Active citizenship demands that we interrogate the terms and buzzwords that overtly and subliminally shape public opinion. In Nigeria, since the 1990s, politicians and the media are fond of using racialist concepts in discussing politics and ethnic relations. It is now commonplace to read or listen to pundits trumpeting the supposed virtues and interests of the “Yoruba race” or the “Igbo race”. However, the description of an ethnic group as a “race” is a misnomer.
In 1992, the late veteran politician and elder statesman, Yusuf Maitama Sule (Dan masanin Kano) said in a speech delivered at Mumbaya House, Kano that: “Everyone has a gift from God. The Northerners are endowed by God with leadership qualities. The Yoruba knows how to earn a living and has diplomatic quality. The Igbo is gifted in commerce, trade and innovation. God has created us individually for a purpose and with different gifts”.
In fairness, his main point was actually the need for synergy and interdependence between ethnic communities but his articulation of a divinely-ordained apparently racially-based division of labor, especially the endowment of northerners with leadership skills, was controversial. But Danmasani, a member of post-colonial Nigeria’s first generation political elites, was merely expressing a formulation that was entirely consistent with how his generation had been raised to see their newly formed country.
This thesis, which implies fundamental racial differences among Nigeria’s different ethnic groups, is fraught with contradictions. The north is a geographical area not an ethnic group. The term “northerner” is itself meaningless except to just describe a Nigerian who comes from any one of over 100 ethnic communities above the Niger. Its popular synonym, the term “Hausa-Fulani” is an anthropologically dubious reference to a non-existent ethnic identity. Hausa and Fulbe do not even belong to the same linguistic category. The supposed aptitudes that the Yoruba and Igbo display are not genetic bequests but socially acquired attributes. Anyone from anywhere, given the right environment and nurture, will manifest these attributes. It has already been incontrovertibly established that our diverse people belong to the same racial stock. Yet politicians and pundits persist in using ghastly terminologies like “the Yoruba race” and “the Igbo race” as though they are discussing Orientals and Caucasians.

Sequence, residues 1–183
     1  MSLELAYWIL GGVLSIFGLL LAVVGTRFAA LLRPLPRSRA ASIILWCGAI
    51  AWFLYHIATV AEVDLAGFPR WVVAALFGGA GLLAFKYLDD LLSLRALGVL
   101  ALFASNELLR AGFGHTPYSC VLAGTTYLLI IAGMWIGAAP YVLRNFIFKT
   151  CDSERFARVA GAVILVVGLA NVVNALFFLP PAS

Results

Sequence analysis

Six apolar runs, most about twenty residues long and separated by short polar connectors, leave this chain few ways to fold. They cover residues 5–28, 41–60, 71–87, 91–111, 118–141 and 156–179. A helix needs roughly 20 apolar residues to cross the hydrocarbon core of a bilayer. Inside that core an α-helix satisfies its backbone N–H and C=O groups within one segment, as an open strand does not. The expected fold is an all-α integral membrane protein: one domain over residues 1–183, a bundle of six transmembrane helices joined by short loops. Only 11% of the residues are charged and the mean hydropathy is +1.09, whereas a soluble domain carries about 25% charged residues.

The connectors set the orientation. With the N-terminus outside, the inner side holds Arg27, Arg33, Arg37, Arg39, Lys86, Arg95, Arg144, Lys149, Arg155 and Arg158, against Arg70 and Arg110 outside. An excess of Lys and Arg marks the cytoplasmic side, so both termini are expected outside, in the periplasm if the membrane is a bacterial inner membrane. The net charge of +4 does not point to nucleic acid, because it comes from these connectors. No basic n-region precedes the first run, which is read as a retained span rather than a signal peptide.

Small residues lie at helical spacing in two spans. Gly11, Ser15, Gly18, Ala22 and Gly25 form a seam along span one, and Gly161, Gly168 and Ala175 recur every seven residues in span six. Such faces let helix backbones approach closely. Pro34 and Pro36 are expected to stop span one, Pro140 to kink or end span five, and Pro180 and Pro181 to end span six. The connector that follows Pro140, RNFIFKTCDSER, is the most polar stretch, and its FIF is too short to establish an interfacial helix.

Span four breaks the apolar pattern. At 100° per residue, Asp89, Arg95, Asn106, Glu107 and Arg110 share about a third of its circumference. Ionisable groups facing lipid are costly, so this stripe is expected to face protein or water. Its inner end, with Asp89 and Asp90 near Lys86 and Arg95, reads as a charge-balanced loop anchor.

These racist characterizations derive from a long standing confusion between racial and ethnic groupings that goes back to 18th and 19th century western anthropology. Race refers to hereditary ties while ethnicity refers to social and cultural ties. When people confuse racial with ethnic traits, they are confusing what is given by nature and what is acquired by nurture and learning. Western anthropologists equated tribal classifications with racial categories implying unimpeachable differences between various groups. The colonialists brought these racist views to bear upon their relations with the indigenous peoples of their colonies instituting a lethal dynamic of divide and rule between ethnic and cultural groups wherever they went.